With COVID-19, MBA students may be wondering how realistic their goals are? Is it still possible to change careers? How long will it take me to find a job after my MBA?We interviewed those who have recently secured jobs to discover how the market for jobs for MBA graduates looks post COVID-19, asking them:
What they did to find a job during COVID-19
Their experiences of the market and hiring freezes
How the pandemic shaped their post MBA job expectations
Name: Purva Jain
School: Warwick Business School
Graduated: September 2020
Role: Product Manager
What were your plans before your MBA and how were they impacted by COVID-19?
The primary driver for pursuing MBA was career progression and getting an impactful role where I could contribute to organisational objectives and growth. Covid-19 made me realise the importance of strategic agility, flexibility and responding to changing situations. Pre-covid, I was targeting roles in consulting and technology. When Covid hit the majority of consulting firms froze recruitment. I kept networking to get a better grasp of the market. By early July, I realised that there were many more opportunities in tech than consulting. I diverted my focus mainly to tech. I spent 70-80% of my effort searching for tech roles, learning about job requirements, and up-skilling myself to better fit the opportunities available.
Did COVID-19 make the search harder?
Yes, no in person catch ups, coffee chats or other networking opportunities made things hard. To compensate for this, I started pinging people on LinkedIn and it seemed like everyone adapted to virtual networking quickly. I received more responses than I did pre-Covid. I had virtual coffee chats about industry trends, opportunities, transferrable skills for certain roles, etc. I also joined Lunchclub.ai and met many new people over Lunch meetings.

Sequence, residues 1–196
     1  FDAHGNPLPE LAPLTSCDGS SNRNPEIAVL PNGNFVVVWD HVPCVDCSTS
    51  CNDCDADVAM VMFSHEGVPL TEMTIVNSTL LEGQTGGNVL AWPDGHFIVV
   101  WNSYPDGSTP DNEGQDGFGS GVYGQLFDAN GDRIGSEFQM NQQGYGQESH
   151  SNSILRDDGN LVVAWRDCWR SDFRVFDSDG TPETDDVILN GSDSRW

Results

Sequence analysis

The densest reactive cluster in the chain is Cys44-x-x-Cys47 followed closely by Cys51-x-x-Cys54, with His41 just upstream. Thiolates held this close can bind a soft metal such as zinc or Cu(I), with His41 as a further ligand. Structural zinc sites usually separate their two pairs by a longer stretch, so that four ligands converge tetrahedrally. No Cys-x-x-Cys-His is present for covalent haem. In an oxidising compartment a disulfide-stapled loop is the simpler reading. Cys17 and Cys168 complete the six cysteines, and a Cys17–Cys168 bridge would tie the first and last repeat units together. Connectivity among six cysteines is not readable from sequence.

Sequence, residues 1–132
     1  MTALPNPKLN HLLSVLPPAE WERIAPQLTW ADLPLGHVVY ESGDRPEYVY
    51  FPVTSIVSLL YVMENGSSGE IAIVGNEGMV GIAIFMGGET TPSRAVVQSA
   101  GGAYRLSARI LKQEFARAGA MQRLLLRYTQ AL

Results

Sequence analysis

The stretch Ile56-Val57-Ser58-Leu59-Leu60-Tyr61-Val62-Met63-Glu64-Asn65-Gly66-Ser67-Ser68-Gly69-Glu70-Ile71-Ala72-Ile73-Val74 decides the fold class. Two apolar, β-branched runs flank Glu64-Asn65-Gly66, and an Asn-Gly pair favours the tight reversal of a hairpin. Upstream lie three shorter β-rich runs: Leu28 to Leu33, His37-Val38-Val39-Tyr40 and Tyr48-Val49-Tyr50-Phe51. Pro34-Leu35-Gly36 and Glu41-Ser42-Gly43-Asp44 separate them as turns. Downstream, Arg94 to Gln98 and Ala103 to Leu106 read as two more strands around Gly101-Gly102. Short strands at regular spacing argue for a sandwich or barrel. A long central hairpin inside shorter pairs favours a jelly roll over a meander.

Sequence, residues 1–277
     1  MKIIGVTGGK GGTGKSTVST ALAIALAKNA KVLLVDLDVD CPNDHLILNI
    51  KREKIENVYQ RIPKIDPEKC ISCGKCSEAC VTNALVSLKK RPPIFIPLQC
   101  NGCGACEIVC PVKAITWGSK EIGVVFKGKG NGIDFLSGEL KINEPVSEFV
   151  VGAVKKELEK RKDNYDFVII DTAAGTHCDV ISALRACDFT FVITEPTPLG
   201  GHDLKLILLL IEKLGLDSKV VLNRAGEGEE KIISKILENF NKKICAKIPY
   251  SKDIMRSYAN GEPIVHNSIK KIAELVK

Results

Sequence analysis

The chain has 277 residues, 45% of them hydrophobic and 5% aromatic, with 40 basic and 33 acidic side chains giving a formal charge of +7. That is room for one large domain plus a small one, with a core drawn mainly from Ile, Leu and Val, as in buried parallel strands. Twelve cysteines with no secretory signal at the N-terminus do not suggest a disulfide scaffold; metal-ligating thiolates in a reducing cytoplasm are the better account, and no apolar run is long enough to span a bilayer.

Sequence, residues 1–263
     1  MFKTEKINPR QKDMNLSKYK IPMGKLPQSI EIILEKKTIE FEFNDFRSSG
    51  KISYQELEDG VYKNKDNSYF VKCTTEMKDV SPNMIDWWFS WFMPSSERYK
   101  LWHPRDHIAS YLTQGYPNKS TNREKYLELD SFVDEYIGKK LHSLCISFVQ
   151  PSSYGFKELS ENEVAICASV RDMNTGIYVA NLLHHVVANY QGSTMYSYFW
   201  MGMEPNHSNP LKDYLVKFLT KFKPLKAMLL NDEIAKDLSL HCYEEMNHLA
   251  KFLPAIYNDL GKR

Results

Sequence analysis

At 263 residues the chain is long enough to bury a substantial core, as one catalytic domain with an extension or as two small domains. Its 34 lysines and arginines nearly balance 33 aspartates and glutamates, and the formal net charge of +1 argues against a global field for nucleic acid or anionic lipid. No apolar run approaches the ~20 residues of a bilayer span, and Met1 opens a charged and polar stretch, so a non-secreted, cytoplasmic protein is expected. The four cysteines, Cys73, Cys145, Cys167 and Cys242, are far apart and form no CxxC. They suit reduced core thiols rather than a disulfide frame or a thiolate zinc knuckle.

At what point did you secure your role?
I applied for my current role in August and got the call for the first round of discussion in September. I found the company through job posts on LinkedIn, they had very impressive growth in the past few years and I thought it would be a good opportunity to use my knowledge and skills to contribute to this. I researched the company and job requirements. I also spoke to people from the company to learn more about it, as well as people working in similar roles elsewhere. This proactive approach helped me get through 5 rounds of interviews in 4 weeks. These were initially supposed to be conducted in the London office, however, we had to switch to virtual interviews due to the situation in the UK. I realised that the virtual interviews are very different than the in-person interviews. Whilst eye contact, body language and attire are vital for in-person interviews, for virtual ones the basics were good wifi, proper lighting and background and thinking out loud so that the interviewer knows what you are noting down (since they can't see it), etc.
Job hunting is hard at the best of times - how did you stay motivated?
I am an international student and need sponsorship to work in the UK, which made it even harder. My motivation was networking with all the kind and beautiful people out there. The more I spoke to people from different areas the better informed I became. This helped me to focus my energy on appropriate roles and acquire the right skills.
What advice would you give to current MBAs job searching?
Be agile: In uncertain times, plan A might not work so have a plan B/C and be prepared to switch gears at the right time. Be proactive and be aware. Reach out to people on LinkedIn, Slack, LunchClub and invite them for virtual coffee chats. This will help you be more informed about the market, opportunities and challenges. Be persistent. In uncertain times you may be reaching out to people or companies consistently with no success. Have persistence and keep trying one way or the other until you succeed.
For more stories from current and past MBAs on programs, careers, and MBA life, listen to The Modern MBA podcast, every Thursday, wherever you get your podcasts.